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Bonaventura, Federigo

1. Dates
Born: Ancona, 24 August 1555
Died: Urbino, 25 March 1602
Dateinfo: Dates Certain
Lifespan: 47
2. Father
Occupation: Aristocrat, Soldier
His father, Pietro B., was an officer in the army of the Duke of Urbino and a poet. The family was noble. The father died when Federigo was three.
However, it is obvious that he was reared in wealthy circumstances--see below.
3. Nationality
Birth: Ancona, Italy
Career: Italy
Death: Urbino, Italy
4. Education
Schooling: No University
He was educated at the house of Cardinal Giulio della Rovere in Rome, 1565-1573. Note that the della Rovere family was the ducal family of Urbino; the Cardinal was the brother of the Duke then reigning. Having returned to Urbino, Bonaventura continued his studies, particularly Greek mathematics and natural philosophy. There is no mention of a university, which was not after all for members of his class.
5. Religion
Affiliation: Catholic
6. Scientific Disciplines
Primary: Meteorology
Subordinate: Medicine, Natural Philosophy, Astrology
His most important scientific writings deal with meteorology. Those writings attempted to determine the precise meaning of the ancient texts through philological techniques. he also wrote works on medical subjects (especially De natura partus octomestris, published in 1600) and political philosophy.
7. Means of Support
Primary: Patronage, Government
After his father's death in 1565, he was supported by the Duke of Urbino, who sent him to Rome for study. Following the accession of Duke Francesco Maria II in 1574, he met even greater favor, and continued his studies. Bonaventura had grown up with Francesco Maria in the household of Cardinal della Rovere, and later he apparently played a critical role in installing Francesco Maria as Duke after severe difficulties within Urbino. In addition to his scholarly activities, he served as Urbino's ambassador to several European courts.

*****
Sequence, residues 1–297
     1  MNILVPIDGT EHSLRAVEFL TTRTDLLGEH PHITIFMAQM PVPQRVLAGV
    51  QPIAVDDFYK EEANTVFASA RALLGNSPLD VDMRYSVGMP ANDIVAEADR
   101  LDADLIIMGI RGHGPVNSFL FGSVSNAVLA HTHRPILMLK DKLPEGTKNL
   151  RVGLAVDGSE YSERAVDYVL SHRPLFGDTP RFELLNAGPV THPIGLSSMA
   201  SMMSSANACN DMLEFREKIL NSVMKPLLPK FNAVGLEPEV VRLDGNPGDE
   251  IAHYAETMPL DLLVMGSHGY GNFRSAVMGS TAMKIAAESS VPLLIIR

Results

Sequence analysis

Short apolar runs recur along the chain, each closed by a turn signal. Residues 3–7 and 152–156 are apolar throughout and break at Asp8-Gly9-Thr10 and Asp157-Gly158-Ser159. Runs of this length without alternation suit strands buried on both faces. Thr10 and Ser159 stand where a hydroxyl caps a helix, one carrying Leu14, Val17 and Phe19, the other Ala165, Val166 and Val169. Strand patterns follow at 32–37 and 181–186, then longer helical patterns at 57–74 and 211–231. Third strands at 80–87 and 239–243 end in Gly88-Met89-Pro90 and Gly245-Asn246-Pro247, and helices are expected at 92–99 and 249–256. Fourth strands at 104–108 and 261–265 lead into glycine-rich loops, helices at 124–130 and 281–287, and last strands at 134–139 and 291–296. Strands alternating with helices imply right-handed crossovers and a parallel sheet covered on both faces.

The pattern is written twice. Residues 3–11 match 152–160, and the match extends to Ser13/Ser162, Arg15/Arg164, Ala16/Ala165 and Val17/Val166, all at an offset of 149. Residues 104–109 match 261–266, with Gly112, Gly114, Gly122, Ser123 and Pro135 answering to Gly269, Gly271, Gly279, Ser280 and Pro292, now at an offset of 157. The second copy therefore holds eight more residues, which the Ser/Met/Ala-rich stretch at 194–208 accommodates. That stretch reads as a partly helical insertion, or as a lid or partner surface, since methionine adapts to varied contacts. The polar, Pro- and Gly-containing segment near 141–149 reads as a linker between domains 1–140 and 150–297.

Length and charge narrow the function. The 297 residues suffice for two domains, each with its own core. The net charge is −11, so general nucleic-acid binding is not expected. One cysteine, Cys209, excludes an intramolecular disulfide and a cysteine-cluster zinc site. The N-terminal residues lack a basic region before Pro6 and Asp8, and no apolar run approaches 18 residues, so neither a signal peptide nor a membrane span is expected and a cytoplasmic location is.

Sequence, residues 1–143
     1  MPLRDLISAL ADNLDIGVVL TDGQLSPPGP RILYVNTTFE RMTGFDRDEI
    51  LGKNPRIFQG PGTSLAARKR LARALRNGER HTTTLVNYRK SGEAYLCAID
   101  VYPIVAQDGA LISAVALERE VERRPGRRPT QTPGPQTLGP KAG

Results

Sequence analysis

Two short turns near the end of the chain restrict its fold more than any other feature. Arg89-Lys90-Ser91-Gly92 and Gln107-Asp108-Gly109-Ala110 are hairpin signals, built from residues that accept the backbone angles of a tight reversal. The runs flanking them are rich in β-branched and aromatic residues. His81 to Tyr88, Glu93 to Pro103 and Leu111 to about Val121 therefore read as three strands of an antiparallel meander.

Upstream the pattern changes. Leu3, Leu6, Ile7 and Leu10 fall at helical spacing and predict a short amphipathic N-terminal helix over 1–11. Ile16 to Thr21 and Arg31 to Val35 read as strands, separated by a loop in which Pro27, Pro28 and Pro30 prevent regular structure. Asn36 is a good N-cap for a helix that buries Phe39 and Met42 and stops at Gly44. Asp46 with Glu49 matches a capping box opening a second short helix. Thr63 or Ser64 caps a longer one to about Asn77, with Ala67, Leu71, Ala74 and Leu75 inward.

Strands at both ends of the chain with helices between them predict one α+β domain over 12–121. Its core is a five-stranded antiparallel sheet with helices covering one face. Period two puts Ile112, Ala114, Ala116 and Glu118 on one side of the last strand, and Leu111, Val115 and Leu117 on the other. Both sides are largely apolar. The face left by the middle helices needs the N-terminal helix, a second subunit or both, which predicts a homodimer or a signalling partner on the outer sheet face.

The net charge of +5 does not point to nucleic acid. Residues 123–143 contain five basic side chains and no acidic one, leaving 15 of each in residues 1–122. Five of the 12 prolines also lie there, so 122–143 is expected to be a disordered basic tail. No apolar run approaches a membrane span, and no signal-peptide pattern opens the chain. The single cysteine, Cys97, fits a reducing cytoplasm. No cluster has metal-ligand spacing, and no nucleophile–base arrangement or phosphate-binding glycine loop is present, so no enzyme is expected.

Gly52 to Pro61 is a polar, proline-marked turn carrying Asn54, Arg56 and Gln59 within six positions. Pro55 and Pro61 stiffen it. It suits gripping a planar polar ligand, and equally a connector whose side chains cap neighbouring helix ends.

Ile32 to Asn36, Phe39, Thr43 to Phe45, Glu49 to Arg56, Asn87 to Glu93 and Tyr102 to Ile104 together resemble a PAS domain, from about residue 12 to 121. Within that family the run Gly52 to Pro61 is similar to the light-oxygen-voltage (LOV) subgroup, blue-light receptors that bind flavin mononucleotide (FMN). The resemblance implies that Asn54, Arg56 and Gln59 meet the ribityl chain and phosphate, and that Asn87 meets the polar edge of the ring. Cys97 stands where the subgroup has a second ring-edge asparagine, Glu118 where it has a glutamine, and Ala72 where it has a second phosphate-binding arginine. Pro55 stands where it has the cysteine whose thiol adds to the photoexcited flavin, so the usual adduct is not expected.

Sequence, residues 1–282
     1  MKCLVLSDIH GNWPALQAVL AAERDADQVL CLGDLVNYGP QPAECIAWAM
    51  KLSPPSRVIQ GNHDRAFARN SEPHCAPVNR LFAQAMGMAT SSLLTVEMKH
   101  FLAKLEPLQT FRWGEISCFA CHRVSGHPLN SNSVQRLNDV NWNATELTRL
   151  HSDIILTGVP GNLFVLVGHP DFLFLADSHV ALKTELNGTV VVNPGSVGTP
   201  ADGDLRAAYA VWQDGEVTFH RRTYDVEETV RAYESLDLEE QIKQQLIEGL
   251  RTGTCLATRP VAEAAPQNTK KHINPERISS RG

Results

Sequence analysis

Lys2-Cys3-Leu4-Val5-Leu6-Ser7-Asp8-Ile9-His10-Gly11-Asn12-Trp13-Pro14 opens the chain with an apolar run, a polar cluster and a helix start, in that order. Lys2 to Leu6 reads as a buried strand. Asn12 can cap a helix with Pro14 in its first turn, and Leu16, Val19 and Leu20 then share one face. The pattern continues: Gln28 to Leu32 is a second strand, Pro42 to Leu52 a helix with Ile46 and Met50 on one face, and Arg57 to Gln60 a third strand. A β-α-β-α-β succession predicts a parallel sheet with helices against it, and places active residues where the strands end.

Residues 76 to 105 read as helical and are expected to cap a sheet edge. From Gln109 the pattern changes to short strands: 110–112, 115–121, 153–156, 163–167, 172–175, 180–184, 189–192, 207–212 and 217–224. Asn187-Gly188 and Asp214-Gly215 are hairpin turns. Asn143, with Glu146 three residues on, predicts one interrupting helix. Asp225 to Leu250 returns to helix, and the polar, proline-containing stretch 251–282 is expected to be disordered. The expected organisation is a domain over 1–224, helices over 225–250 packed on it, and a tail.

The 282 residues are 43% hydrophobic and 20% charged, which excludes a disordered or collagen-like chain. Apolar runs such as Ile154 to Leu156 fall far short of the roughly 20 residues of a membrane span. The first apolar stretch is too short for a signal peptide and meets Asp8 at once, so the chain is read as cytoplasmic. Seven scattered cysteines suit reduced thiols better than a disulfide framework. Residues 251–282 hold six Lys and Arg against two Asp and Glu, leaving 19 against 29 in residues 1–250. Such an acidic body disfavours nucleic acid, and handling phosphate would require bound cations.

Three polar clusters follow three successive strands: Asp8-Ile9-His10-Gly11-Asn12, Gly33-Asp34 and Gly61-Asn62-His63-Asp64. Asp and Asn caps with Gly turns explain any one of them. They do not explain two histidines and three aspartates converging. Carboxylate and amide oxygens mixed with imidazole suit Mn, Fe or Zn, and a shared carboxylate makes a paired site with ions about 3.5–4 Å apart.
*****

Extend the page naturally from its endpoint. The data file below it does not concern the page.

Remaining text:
8. Patronage
Types: Court Official, Eccesiastic Official
The Duke of Urbino and the Cardinal; see above.
Bonaventura did not like court life. He kept trying to escape from it, but the Duke of Urbino kept calling on his services. Finally (according to Mazzuchelli) the Duke realized what a loss it would be to learning if Bonaventura did not have leisure. Therefore he granted him an honorable stipend and gave him complete freedom. Bonaventura withdrw from the court and thenceforth pursued learning. His last work was dedicated, suitably, to the Duke.
9. Technological Involvement
Type: None
10. Scientific Societies
Memberships: None
  1. G.M. Mazzuchelli, Gli scrittori d'Italia, II, Pt. 3, (Brescia, 1760), pp.1563-1564 P. Vecchietti and T. Moro, Biblioteca picena, III, (Osimo, 1796), pp.1-6 Dizionario biografico degli italiani.
  2. C. Grossi, Degli uomini illustri di Urbino, (Urbino, 1819), pp. 58-66.
  3. In my opinion, Bonaventura made as minimal contribution to science as anyone in this catalogue. However, his scholarly activity was related to science and thus I have not seen fit to purge him.
Compiled by:
Richard S. Westfall
Department of History and Philosophy of Science
Indiana University

Note: the creators of the Galileo Project and this catalogue cannot answer email on geneological questions.

1995 Al Van Helden
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